Saturday, May 10, 2014

Avid Gardeners Plant Sale

Today was the annual Oregon Plant Fair at Alton Baker Park. This year, for the first time in many years, I didn't have to work the LCDS booth, so I could shop the Fair with Mom and Beth. While rain was predicted, the weather behaved for the most part. Partly sunny skies only gave way to only one, fairly short rainstorm the whole day. After we made our many purchases at the Plant Fair, we headed over to the Fairgrounds for the Hardy Plant Sale. At the end of the day, I came home with the following purchases:
  • Tomato "Indigo" Amethyst Jewel - from Log House Plants. Indeterminate. Slicer, Gorgeous pink w/purple amethyst splashes. Large trusses load up with great tasting exotic looking 1-3 oz fruit. Large production, hang on the vine ability with real tomato flavor. wild Boar Farm Hybrid. Mid-Season
  • Tomato "Bumblebee" Sunrise Cherry - from Log House Plants. Indeterminate. Yellow, round cherry tomato with red stripes and a pink interior marbling. Excellent, sweet and tangy flavor. Great in mixes with other colorful artisan varieties.
  • Tomato "Moonglow" Heirloom (OP) Grafter from Log House Plants. Intermediate. Gorgeous, brilliant orange globe shaped 6-8 oz fruits have a fantastic sweet-tart flavor and smooth texture, perfect for fresh eating or making a beautiful, unusual sauce. Heavy yields, good keeper. 80 days from transplant.
  • Kale "Red Russian" from Log House Plants.(OP) Silvery, blue-green leaves with rose colored ribs & veins. Thick, chewy leaves are great in winter soups and stews or with grilled meat. 50 days from Transplant.
  • Pepper "Lunchbox Yellow"  Sweet Pepper from Log House Plants. New mini "snack peppers" have a delicious sweet flavor for fresh eating but are also good for cooking. Tons of the 2-3" fruits mature to golden yellow on tall, strong plants. 55 days to green, 75 to yellow.
  • Berben's Thunbergi "Golden Pillar" from the Secret Garden Growers, Canby OR. Golden Pillar Barberry 3-4' multi-stemmed deciduous shrub, upright form, with dramatic bright yellow/gold foliage. Full sun to part shade, won't burn. most soils, deer resistant, average water, easy, USDA Zone 24
  • Coreopsis "Red Satin" 15-18" H X 18-22 " W. Full sun, zone 5-9 Blooms summer thru late summer. This hardy coreopsis produces deep wine red to ruby red flowers all summer long. If cut back, it can rebloom until frost. The deep green, threadleaf foliage forms a tight mound.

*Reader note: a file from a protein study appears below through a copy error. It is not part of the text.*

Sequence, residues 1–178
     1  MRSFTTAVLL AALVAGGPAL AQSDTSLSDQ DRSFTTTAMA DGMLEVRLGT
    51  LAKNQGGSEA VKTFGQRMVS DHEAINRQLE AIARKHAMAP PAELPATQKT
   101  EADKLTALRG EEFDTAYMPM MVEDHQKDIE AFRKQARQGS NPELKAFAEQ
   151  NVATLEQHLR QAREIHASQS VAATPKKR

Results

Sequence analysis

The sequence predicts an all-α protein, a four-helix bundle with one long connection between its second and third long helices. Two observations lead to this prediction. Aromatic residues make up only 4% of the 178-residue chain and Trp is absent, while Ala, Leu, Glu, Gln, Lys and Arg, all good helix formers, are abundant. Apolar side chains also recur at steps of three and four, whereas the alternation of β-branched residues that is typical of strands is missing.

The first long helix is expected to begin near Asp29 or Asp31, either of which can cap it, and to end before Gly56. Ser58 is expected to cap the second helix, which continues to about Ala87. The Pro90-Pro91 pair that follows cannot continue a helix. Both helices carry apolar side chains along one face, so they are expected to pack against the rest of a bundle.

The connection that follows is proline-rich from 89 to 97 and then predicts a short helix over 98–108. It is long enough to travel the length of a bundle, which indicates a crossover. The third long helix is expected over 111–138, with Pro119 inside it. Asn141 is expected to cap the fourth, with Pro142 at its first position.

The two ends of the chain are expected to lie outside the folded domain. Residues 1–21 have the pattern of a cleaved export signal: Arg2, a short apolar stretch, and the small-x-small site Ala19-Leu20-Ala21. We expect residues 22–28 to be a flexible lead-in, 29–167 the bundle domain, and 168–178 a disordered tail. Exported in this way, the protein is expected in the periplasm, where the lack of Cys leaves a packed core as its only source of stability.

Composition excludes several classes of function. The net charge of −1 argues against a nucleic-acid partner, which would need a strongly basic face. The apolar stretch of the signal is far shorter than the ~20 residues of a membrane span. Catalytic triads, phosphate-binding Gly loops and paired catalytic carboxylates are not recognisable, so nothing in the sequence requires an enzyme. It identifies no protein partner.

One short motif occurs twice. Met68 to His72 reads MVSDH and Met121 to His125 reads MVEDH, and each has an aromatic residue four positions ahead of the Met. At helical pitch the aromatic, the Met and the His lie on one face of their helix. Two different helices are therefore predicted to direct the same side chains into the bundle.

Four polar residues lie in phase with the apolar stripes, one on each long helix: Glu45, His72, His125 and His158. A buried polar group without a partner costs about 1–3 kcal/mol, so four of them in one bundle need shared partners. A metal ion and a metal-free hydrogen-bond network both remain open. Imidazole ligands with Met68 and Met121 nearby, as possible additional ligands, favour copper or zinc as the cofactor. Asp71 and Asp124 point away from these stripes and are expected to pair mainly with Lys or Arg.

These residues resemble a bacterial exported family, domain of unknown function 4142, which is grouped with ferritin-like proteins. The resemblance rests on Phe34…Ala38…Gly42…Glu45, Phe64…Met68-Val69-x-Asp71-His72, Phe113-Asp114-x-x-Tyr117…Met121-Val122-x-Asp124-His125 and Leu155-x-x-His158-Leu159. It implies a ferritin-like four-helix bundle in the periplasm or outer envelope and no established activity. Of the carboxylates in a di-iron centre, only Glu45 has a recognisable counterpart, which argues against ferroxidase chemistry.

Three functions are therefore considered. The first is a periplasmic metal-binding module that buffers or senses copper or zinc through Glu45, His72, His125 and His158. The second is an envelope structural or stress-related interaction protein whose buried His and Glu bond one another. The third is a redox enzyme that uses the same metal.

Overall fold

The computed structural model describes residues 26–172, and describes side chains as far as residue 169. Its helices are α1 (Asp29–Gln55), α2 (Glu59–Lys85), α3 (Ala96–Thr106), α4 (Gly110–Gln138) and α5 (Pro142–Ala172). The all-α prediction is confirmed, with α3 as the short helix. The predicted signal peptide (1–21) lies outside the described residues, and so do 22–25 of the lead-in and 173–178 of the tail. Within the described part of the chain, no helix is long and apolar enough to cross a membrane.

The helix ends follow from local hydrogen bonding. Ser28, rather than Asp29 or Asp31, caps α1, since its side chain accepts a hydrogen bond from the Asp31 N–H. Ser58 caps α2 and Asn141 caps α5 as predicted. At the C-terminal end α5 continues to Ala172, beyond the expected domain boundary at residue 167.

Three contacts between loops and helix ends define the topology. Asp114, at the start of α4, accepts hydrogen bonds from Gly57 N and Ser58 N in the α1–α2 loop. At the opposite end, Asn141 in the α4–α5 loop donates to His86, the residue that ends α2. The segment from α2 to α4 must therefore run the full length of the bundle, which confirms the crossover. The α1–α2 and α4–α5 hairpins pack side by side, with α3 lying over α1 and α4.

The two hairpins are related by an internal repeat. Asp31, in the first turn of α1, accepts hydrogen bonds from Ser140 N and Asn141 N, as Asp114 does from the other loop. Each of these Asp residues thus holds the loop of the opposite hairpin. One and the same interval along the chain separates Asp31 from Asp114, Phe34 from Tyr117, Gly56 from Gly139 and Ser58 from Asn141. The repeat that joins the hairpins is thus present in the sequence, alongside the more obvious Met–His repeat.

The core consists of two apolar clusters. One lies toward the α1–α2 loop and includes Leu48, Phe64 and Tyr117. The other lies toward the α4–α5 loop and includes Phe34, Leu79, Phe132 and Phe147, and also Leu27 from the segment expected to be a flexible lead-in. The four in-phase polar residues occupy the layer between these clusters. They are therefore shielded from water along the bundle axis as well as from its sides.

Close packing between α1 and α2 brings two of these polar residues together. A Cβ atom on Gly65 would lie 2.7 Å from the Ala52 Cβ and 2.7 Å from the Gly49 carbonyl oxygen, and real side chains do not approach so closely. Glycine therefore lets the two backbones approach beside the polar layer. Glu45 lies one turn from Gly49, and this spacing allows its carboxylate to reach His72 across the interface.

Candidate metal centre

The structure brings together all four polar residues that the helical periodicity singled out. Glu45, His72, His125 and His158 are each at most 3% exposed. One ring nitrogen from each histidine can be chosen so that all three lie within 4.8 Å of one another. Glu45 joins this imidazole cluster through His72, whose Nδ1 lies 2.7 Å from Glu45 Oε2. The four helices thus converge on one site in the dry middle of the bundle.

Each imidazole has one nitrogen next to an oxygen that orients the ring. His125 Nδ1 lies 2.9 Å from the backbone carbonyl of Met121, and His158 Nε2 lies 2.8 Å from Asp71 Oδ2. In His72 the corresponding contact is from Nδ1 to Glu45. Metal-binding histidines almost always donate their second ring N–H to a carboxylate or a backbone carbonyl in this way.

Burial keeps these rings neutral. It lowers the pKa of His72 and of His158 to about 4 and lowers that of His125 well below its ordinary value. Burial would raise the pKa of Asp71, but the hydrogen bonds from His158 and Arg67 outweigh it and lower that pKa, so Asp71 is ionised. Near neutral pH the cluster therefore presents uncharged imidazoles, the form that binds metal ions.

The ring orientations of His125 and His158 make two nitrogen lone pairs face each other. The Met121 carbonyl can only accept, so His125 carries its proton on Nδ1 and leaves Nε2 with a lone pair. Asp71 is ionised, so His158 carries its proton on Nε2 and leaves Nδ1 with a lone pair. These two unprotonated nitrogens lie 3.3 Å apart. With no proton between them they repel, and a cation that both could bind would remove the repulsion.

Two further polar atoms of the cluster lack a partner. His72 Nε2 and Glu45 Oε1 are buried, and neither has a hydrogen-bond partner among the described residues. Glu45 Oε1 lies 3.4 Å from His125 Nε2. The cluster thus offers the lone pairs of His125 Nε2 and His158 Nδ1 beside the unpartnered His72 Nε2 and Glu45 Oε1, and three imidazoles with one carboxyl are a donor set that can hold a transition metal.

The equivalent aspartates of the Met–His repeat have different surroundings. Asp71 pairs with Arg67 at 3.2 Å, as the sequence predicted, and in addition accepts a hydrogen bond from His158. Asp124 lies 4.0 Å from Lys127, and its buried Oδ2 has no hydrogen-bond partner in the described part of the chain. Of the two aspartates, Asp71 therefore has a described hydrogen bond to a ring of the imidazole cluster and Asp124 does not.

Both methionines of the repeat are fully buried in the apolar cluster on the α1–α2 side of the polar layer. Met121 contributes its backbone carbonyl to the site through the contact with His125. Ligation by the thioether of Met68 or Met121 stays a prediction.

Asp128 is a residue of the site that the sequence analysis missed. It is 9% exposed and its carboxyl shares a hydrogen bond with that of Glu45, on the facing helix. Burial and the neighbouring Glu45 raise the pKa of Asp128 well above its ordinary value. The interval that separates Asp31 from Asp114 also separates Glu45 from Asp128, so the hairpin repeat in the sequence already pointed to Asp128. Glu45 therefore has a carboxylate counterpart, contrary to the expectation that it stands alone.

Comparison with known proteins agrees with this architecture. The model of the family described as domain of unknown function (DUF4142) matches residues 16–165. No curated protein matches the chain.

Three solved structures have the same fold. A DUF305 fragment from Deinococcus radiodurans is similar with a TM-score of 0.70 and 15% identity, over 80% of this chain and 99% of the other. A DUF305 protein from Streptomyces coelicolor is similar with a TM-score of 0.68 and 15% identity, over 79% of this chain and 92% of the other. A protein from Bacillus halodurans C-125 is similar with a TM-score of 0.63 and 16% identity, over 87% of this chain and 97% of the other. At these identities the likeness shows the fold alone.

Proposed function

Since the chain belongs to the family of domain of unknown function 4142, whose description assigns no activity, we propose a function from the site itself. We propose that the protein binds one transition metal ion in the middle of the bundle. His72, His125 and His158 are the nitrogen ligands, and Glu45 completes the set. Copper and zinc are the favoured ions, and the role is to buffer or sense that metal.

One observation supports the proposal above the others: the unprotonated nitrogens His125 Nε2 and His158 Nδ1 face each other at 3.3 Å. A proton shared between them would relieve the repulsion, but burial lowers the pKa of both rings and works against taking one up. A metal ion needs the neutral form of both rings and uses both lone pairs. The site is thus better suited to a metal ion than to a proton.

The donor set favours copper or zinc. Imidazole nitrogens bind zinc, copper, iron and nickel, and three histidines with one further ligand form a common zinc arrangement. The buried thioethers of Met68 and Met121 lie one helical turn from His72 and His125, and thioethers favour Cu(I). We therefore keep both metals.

I also picked up these three metal birds are the Plant Fair. A couple was selling dozens of different designs so it was very hard to choose. I finally selected a Nuthatch, a Chickadee, and a Cedar Waxwing. Now I only need to decide where to place them.

After visiting both plant sales, we made a stop at Down to Earth. I picked up 2 bags of potting soil and the following seed packets:
  • Cosmo "Kneehigh Sonata Mix" from Renee's Garden.Sonata Cosmos compact feathery two foot plants are soon covered with spays of buds that open and bloom non-stop all summer long. The blossoms satiny 2" petals in shades of magenta, clear white, soft pastel pink and pure rose, surround cheerful yellow centers. Reliable and long-lasting, with stems long enough for cutting lots of bouquets, free blooming sonatas are perfect for containers, beds or borders and fill the garden with dainty gaiety all summer long. 2' tall.
  • Melon "Minnesota Miget" (OP) 65-70 days. This exquisite heirloom produces a bounty of early and true to its name, mini cantaloupes. Fruit measure 4-6" across and have deep orange flesh that is succulent, sweet, and delicious down to the rind. The ultimate melon for short season areas, and the compact plants are ideal for mall spaces or container gardens.
  • Cucumber "Marketmore 97"(OP) 55 days. Developed at Cornel University, Marketmore 97 is a great slicing cucumber, and is one of the most disease resistant varieties that we offer. Bitter free and burpless to boot. with vines up to 6 feet long, this northern cultivar bears loads of 9-11", strait, white spined cukes. A first rate addition to anyone's garden. 

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